But the report that had been written for the Psychological Strategy Board on September 5, 1952, wasn’t written on St. Clair Switzer’s typewriter. We know this because a forensic document examiner compared the three surviving pages of that report to a job application and letters that Switzer had typed up in 1951. She’s certain that they came from different typewriters, and now, so am I.
In the world of forensic document examination, a questioned document (Q) is compared to a known document (K) to see if they came from the same source. In our case, the Q is the 1952 Project Artichoke report and the K is Switzer’s job application and letters. Our examiner, Karen Nobles, concentrated on the typefaces of the two documents to arrive at her conclusion, and the evidence is compelling.
Here’s what she found:
the uppercase M: the center does not extend to the baseline on the questioned (Q) text, but does extend to the baseline in the known (K) text
the number 2 has a flat base on the Q, but a curvy base in the K
the bottom of the number 3 extends downward in the Q, but curves up in the K; the top of the 3 in the Q is rounded and in the K it is flat
the number 4 in the Q has an open top, but in the K it is closed
the number 5 in the Q has a flag on the top that extends upward and the bottom bowl extends downward; in the K the number 5 is flat on top and curves upward in the bottom bowl
the top of the number 6 extends upward in the Q, but in the K it curves downward and has a ball ending
the number seven may or may not have a downward extension on the top left in the Q but in the K, the 7 has a significant downward extension
the number 8 is much narrower in the Q than in the K
the number 9 extends downward in the Q, but curves upward and has a ball ending in the K
She also created this chart that shows the above differences in the numbers and letters:
So the report wasn’t typed on Switzer’s typewriter after all—OK, fine. That doesn’t mean that Switzer wasn’t on the RDB’s ad hoc committee or even that he didn’t write the report. It only means that our job isn’t over and we need to keep searching for clues.
You know what’s really hard? Trying to figure out the precise way in which something happened nearly 70 years ago is really hard. I mean, you find a couple memos that are riddled with black blotches, you hear a few tales from way back when, you stumble upon several additional details that seem apropos of the situation, and all of the sudden, you think you know how everything went down. But do you know what else can happen? Nuances can happen—like the Sliding Doors phenomenon, where things play out wildly differently depending on whether Gwyneth Paltrow makes the subway or just misses it, or when a butterfly in Zimbabwe flaps its wings and causes a hurricane in south Texas…those sorts of unpredictables.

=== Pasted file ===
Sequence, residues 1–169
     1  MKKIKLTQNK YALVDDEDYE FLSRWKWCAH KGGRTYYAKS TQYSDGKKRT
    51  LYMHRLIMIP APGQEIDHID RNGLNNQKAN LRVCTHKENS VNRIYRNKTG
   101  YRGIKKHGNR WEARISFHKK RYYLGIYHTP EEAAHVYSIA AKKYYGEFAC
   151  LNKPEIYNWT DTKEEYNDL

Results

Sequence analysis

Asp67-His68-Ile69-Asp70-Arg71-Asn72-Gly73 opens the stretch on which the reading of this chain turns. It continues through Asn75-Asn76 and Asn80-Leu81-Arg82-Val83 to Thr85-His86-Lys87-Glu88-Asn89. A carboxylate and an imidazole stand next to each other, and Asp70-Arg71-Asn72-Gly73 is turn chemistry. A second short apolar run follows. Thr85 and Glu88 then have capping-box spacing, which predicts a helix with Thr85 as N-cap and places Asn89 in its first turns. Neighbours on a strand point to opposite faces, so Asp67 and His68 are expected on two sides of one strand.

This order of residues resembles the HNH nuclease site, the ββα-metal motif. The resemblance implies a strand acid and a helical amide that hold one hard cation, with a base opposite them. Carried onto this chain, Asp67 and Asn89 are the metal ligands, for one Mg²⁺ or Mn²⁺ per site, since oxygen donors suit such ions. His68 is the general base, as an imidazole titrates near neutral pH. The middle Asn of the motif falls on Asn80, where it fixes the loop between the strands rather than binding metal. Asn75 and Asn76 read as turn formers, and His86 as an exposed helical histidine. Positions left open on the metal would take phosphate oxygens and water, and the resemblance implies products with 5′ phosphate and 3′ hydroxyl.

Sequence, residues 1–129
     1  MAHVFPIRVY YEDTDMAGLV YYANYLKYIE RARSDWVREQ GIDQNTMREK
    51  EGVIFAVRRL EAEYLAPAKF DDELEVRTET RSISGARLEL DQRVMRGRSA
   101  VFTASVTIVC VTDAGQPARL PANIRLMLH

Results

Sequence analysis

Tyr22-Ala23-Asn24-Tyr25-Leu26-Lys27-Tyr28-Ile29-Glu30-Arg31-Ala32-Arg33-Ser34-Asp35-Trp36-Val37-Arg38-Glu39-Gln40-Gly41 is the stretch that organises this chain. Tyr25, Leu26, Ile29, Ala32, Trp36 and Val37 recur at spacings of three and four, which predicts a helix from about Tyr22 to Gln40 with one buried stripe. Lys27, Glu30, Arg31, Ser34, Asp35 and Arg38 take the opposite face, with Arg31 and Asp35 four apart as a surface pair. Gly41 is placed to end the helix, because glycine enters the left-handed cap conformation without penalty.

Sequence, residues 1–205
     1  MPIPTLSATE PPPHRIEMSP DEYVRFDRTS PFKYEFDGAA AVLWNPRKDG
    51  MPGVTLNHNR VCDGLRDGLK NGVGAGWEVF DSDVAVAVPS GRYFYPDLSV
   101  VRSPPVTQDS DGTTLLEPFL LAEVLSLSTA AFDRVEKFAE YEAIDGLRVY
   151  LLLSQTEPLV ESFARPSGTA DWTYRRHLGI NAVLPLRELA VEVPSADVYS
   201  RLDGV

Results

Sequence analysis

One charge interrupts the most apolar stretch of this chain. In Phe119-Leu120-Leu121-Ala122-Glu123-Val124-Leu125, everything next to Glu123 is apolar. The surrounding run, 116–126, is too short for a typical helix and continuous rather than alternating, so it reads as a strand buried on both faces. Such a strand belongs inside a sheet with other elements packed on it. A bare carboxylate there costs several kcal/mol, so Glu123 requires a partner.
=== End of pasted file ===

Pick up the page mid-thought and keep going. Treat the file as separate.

The question we’ll be delving into today is what’s the most likely way in which St. Clair Switzer, a lieutenant colonel in the Air Force Reserves and Ron Tammen’s psychology professor, wound up dabbling in Project Artichoke?
Here’s the sequence of events as I initially pictured them:
On Tuesday, February 12, 1952, Morse Allen, a career CIA guy, went bounding off to his job in the Office of Security. He was super stoked about what he’d been tasked to do, which was to handle all the day-to-day operations in pursuit of controlling the minds of the nation’s and world’s citizenry—or at least certain unlucky members thereof.
On that particular morning, between 10:20 and 11:45 to be exact, he was on the receiving end of an earful from one Commander Robert J. (R.J.) Williams. Williams was in the CIA’s Office of Scientific Intelligence and he was the project coordinator for Artichoke. He was also frustrated with how things were progressing. At the top of Williams’ wish list was a cadre of scientists with whom to consult who had expertise in the latest and greatest of a wide range of possible Artichoke techniques. Meanwhile, Allen and the crowd he ran with had been tinkering with only two of them: hypnosis and truth drugs.
On March 25, in response to R.J.’s concerns, Allen typed up a memo describing a conversation he’d recently had with one of the foremost experts in hypnosis. This was no stage act hypnotist, mind you. He’d spoken with the big kahuna himself—Clark Hull, a renowned psychologist and academician who’d written the seminal book on hypnosis, Hypnosis and Suggestibility: An Experimental Approach. Alas, Hull was old (he was only 68, but they wore their ages differently back then) and sickly (he died a little over six weeks later). What’s more, he had absolutely zero interest in hypnosis after he’d published his book.